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Henry James, Himself
by [?]

We have now to record an extraordinary adventure. Our later education was derived in some considerable measure from the writings of Mr. Henry James. This to explain our emotion. We had never expected to behold himself, the illustrious expatriate who had so far enlightened an unkempt mind. But the night before we had been talking of him. Indeed, it is impossible for us to fail to perceive here something of the supernatural.

But hold! “William Edwards,” says a newspaper notice, “who used to drive a post stage between New York and Albany, died on Saturday at his home. He was born in Albany,” and so and so, “and many were the stories he had to tell of incidents connected with the famous men who were his passengers.” Even so. We were ourselves a clerk. That is, for a number of years we waited on customers in a celebrated book shop. This is one of the stories we have to tell of the personages who were, so to say, our passengers. Or perhaps we are more in the nature of those unscrupulous English footmen to high society, of whom we have heard, who “sell out” their observation and information to the society press.

Anyhow, we are of a loquacious, gossipy turn; and we were booksellers, so to speak, to crowned heads. We have recently heard, too, of another precedent to our garrulous performance, the publication in Rome of the memoirs of an old waiter, who carefully set down the relative liberality of prominent persons whom he served. After having served Cardinals Rampolla and Merry del Val, this excellent memoirist entered opposite their names, “Both no good.” With this we drop the defensive.

We noticed Mr. Wharton sitting down, legs crossed, smoking a cigar. Awaiting, we presumed, his wife. A not unpicturesque figure, tall, rather dashing in effect, ruddy visage, dragoon moustache, and habited in a light, smartly-cut sack suit of rather arresting checks, conspicuous grey spats; a gentleman manifesting no interest whatever in his surroundings.

Mr. Brownell, the critic, entered through the front door and moved to the elevator.

There stepped from the elevator car a somewhat portly little man who joined Mr. Wharton. He wore a rather queer looking, very big derby hat, oddly flat on top. His shoulders were hooped up somewhat like the figure of Joseph Choate. A rather funny, square, box-like body on little legs. An English look to his clothes. Under his arm an odd-looking club of a walking-stick. Mr. Brownell turned quickly to this rather amusing though not undistinguished figure, and said, “Mr. James–Brownell.” The quaint gentleman took off his big hat, discovering to our intent curiosity a polished bald dome, and began instantly to talk, very earnestly, steadily, in a moderately pitched voice, gesticulating with an even rhythmic beat with his right hand, raised close to his face.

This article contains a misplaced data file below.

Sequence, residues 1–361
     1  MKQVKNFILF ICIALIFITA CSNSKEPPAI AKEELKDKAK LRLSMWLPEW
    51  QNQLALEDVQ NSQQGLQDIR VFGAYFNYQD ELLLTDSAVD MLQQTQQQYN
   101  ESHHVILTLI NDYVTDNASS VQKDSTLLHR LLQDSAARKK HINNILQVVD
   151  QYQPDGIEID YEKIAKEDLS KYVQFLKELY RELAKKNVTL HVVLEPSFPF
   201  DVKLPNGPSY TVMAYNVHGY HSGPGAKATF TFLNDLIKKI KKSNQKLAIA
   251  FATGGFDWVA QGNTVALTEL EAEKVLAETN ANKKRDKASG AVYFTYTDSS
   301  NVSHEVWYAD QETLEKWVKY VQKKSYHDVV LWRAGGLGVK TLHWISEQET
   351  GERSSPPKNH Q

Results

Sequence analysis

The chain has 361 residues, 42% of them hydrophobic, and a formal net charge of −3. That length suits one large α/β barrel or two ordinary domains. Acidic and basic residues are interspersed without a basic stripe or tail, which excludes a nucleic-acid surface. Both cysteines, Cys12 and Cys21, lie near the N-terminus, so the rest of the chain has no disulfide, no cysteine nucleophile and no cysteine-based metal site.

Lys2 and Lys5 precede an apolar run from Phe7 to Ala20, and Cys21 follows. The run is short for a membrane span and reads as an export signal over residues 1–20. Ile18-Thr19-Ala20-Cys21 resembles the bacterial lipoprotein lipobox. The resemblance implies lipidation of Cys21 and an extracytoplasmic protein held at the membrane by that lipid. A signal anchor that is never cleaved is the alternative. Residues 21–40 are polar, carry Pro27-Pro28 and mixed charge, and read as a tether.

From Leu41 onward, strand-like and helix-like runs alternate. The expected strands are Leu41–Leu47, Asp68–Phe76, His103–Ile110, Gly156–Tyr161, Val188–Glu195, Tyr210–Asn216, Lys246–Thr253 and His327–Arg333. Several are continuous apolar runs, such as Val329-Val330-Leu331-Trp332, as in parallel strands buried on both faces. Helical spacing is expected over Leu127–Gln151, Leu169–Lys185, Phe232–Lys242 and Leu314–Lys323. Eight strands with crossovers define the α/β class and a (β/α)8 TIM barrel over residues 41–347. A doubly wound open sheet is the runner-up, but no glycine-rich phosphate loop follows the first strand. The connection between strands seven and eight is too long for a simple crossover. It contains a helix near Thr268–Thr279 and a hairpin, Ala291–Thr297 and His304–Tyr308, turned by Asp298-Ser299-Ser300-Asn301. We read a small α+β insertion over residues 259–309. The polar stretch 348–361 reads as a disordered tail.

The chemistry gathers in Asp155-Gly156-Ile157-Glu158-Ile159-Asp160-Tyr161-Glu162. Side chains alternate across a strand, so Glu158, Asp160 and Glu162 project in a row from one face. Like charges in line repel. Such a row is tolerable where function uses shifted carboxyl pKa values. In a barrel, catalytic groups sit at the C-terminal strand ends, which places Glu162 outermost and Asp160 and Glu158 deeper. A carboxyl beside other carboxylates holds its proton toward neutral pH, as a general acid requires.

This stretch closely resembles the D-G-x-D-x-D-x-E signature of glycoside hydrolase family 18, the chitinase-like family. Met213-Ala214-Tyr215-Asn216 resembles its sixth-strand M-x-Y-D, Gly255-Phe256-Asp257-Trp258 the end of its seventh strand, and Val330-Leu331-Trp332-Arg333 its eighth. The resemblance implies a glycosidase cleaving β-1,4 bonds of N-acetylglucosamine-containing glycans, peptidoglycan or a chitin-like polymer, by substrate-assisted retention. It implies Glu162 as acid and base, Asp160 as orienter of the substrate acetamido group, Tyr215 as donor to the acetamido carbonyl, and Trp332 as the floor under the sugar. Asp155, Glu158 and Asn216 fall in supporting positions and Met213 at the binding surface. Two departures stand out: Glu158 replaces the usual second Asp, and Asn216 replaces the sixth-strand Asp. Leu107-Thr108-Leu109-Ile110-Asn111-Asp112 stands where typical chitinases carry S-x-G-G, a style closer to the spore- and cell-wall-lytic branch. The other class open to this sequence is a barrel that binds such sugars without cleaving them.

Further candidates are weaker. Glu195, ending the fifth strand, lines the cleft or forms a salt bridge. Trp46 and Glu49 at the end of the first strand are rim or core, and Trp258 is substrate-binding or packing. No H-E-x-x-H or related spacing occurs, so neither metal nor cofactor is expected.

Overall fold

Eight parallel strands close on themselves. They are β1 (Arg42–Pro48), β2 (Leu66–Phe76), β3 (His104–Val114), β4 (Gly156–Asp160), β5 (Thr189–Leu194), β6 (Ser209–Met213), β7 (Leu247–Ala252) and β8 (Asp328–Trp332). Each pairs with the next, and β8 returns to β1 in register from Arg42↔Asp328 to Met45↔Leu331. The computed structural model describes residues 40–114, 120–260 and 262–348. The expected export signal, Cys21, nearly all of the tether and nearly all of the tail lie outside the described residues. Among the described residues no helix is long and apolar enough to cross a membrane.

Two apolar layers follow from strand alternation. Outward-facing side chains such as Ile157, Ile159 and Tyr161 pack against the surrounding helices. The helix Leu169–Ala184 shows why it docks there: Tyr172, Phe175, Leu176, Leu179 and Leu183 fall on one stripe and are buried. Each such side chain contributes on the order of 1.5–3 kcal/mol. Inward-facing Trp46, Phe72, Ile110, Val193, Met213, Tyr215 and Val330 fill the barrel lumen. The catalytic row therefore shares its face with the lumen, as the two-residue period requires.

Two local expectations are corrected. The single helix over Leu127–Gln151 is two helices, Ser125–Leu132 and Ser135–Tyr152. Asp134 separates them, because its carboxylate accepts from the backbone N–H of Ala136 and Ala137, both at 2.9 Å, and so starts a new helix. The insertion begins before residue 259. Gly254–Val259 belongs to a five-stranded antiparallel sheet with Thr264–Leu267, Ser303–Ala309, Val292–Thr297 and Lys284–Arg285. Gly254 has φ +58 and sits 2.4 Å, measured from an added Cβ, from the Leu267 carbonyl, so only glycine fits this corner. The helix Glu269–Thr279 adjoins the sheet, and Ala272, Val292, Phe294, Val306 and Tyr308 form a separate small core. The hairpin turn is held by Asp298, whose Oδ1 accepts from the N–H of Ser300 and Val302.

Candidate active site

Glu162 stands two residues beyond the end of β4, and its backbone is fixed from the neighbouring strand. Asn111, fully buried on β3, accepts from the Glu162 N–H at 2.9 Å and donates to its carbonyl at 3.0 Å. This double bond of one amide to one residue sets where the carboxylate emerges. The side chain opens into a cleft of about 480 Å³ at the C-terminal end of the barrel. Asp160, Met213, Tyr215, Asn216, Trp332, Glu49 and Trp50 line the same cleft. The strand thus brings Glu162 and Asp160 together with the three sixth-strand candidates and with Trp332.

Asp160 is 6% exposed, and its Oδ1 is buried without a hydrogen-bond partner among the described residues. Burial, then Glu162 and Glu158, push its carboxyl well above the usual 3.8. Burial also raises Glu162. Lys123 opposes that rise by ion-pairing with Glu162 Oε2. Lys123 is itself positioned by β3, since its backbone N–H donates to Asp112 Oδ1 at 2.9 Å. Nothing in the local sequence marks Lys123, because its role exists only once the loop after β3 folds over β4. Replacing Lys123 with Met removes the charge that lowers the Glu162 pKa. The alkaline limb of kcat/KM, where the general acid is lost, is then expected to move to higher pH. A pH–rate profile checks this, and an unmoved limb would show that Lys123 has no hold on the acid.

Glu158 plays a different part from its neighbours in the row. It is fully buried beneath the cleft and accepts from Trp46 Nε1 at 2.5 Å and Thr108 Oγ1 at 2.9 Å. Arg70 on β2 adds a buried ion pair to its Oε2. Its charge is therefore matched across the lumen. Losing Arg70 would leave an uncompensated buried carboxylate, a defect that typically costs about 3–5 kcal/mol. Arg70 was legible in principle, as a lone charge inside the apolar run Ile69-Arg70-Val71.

Joined presently by Mrs. Wharton, the party, bidding Mr. Brownell adieu, took a somewhat humorous departure (we felt) from the shop; Mr. James, with some suddenness, preceding out the door. Moving nimbly up the Avenue, he was overhauled by Mrs. Wharton under full sail, who attached herself to his arm. Her husband by an energetic forward play around the end achieved her other wing. In this formation, sticks flashing, skirt whipping, with a somewhat spirited mien, the august spectacle receded from our rapt view, to be at length obliterated as a unit by the general human scene.

We saw Mr. James after this a number of times. Accompanied again by Mrs. Wharton, and later in the charge (such was the effect) of another lady, who, we understood, drives regularly to her social chariot literary lions. In something like six years’ observation of the human being in a book shop, we have never seen any person so thoroughly in a book store, a magazine, that is, of books, as Mr. James. One can be, you know–it is most common, indeed–in a book store and at the same time not be in a book store–any more than if one were in a hotel lobby. Mr. James “snooked” around the shop. He ran his nose over the tables, and inch by inch (he must be very shortsighted) along the walls, stood on tiptoe and pulled down volumes from high places, rummaged in dark corners, was apparently oblivious of the presence of anything but the books. He was not the slightest in a hurry. He would have been, we felt, content and quite happy, like a child with blocks, to play this way by himself all day.